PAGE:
What is Chlamydia?

Chlamydia is a sexually transmitted infection caused by bacteria. It is very common, and can cause serious health problems. It has to be treated.

How do you get it?

You can get chlamydia if you have unprotected oral, vaginal or anal sex with a person who already has the infection. If you are pregnant you can pass it on to your baby when you are giving birth.

How can you tell if you have it?

You may have chlamydia and not have any signs or symptoms. You can pass it on without even knowing that you have it. If you have chlamydia and you do have symptoms, you might notice:

Female

  • a change or an increase in vaginal discharge
  • an itchy vagina
  • bleeding between, during menstrual cycles, or sex
  • pain in you lower abdomen or back
  • pain when you urinate

Male

  • a burning feeling when you urinate
  • a watery or milky discharge coming out of your penis
  • burning or itching around the hole of your penis
  • pain or swelling of the testicles

How do you get tested?

A doctor or nurse will check for infection by asking you for a urine sample or taking a swab from the infected area of the cervix, urethra or rectum. Chlamydia testing is not included in a women’s regular Pap smear test.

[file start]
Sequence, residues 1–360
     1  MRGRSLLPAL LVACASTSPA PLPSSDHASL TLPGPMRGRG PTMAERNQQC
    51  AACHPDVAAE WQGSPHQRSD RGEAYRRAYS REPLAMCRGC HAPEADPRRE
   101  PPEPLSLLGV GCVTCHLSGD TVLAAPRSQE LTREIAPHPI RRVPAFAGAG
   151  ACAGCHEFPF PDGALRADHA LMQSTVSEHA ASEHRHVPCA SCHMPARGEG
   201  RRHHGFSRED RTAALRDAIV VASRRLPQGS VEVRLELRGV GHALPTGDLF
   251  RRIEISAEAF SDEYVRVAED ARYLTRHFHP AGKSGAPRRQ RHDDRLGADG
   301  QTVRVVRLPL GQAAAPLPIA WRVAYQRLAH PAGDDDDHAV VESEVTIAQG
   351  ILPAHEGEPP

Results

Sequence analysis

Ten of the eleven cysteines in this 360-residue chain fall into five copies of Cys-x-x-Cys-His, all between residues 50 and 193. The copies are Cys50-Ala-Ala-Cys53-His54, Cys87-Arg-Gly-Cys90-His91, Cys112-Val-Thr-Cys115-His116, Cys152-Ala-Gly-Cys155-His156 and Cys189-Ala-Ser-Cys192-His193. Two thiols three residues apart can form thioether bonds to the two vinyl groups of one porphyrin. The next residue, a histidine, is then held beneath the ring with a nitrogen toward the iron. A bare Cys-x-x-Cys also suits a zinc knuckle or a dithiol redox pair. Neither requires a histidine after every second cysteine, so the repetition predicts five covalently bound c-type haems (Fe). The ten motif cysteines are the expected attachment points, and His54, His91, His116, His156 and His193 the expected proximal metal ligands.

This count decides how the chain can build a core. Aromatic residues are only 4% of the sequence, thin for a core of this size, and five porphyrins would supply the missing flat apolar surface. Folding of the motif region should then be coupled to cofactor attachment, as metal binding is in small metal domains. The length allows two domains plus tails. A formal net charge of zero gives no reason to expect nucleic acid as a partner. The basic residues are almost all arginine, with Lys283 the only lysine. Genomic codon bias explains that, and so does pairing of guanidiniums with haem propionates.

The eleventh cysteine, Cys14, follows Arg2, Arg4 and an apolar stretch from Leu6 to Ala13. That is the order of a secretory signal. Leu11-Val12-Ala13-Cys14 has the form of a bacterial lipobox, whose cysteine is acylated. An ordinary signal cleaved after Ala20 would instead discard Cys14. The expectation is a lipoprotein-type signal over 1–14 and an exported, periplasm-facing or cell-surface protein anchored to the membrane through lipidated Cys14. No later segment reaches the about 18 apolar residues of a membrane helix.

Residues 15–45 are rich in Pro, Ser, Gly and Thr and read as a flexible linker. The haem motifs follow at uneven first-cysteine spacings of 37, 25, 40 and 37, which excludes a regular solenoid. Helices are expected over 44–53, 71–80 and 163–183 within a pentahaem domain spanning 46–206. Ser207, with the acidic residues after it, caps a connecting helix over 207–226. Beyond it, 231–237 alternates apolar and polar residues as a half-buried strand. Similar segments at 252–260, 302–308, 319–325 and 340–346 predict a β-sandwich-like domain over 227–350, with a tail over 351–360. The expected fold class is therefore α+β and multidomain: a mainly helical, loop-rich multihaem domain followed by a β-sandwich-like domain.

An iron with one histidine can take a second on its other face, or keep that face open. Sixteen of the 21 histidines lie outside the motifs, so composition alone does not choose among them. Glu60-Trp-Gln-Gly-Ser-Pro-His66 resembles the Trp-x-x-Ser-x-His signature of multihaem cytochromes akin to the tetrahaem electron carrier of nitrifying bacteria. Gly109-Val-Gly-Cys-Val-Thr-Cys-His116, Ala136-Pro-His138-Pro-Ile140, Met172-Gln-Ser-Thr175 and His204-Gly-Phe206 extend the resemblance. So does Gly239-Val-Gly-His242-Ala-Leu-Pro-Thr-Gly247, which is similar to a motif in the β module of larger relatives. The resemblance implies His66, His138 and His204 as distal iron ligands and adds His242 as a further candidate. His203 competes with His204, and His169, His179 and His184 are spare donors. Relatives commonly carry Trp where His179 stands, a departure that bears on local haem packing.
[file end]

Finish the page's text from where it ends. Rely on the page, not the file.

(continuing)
How is it treated?

Chlamydia can be cured with antibiotics. It is important to tell your sexual partner(s) that you have Chlamydia. They also need to be treated. You and your partner(s) should not have sex until you have completed treatment and have been told that the infection is gone. Even if you are treated for this infection, you can get it back if you have sex with someone who is infected or has not been treated.

Sexually transmitted infections, including chlamydia, often have no symptoms at all.

Source: Health Canada

Where can I get help?

Visit one of our Sexual Health Clinics or to speak confidentially with a Public Health Nurse call 519-271-7600 or toll-free at 1-877-271-7348 extension 779.